06/02/2020

The Idaho Patient Act and its Impact on Medical Debt Collections

The highly publicized Idaho Patient Act, signed into law on March 16, 2020, was created to protect consumers from unfair medical debt collection practices. Proponents asked for increased transparency into healthcare facility and provider charges for products and services and safeguards against unreasonable attorney fees and costs arising out of medical debt collection practices. The Idaho Patient Act, which will go into effect January 1, 2021, addresses both of these concerns.1

First, the Idaho Patient Act requires healthcare providers to satisfy specific statutory elements before they are permitted to engage in any “extraordinary collection action” against a patient. For purposes of the statute, an “extraordinary collection action” includes (1) selling, transferring, or assigning the patient’s debt to a third-party prior to 60 days from the patient’s receipt of the final statement; (2) reporting adverse information about the patient to a consumer reporting agency; or (3) commencing any judicial or legal action, including placing a lien, attaching or seizing a bank account or personal property, initiating a civil action, or garnishing wages.

Failure to satisfy the statutory requirements prior to commencing an extraordinary collection action can result in the imposition of civil penalties against the provider as well as an inability to recover costs and fees arising out of the collection efforts. Fine amounts are equivalent to actual damages sustained by the patient, or $1,000, whichever is greater. And, in situations where a court finds the provider willfully or knowingly violated statutory requirements, the court can award the patient with the greater of three times their actual damages or $3,000.

To comply with the Idaho Patient Act, healthcare providers must ensure the following requirements are satisfied:

  • Provider must submit charges to patient or insurance within 45 days. Healthcare providers must submit all charges related to the provision of good or services to the patient or the patient’s insurance provider within 45 days of when services were provided or the date of discharge, whichever is later.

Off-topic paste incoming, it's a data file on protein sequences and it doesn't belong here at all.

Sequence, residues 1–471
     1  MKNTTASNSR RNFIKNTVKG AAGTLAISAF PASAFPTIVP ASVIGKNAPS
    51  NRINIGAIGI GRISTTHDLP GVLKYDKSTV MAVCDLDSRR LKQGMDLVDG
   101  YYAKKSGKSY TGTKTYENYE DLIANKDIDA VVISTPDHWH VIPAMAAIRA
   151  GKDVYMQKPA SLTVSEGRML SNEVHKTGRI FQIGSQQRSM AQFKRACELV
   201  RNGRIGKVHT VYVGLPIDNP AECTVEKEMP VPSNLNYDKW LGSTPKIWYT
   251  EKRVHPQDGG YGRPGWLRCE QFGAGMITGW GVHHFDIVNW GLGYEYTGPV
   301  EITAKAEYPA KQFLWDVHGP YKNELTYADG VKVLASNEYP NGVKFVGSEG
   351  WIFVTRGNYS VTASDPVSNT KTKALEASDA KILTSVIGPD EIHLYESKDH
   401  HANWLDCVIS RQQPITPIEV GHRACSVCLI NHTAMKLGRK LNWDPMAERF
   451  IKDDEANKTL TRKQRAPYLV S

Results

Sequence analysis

• Patient must receive summary of services within 60 days. The healthcare provider must send a consolidated summary of services notice to the patient within 60 days of when services were provided or the date of discharge, whichever is later. This summary must include specific elements including the name and contact information of the facility; date and duration of the visit; general description of goods and services provided; names and contact information of each provider who will bill separately for services; and a conspicuous statement indicating the notice is not a bill. Healthcare facilities may be exempt from this requirement if they provide a final statement from a single billing entity for all goods and services rendered to the patient at that healthcare facility.
  • Patient must receive a final statement from the billing entity of the healthcare provider. The healthcare provider must send the patient a final statement which contains the name and contact information of the healthcare facility; a list of the goods and services provided to the patient and date they were provided; a statement that a full itemization is available upon request; the name of third-party payors to which the charges were submitted; a detailed description of any reductions, adjustments, or third-party payor payments; and the final amount that the patient is liable to pay.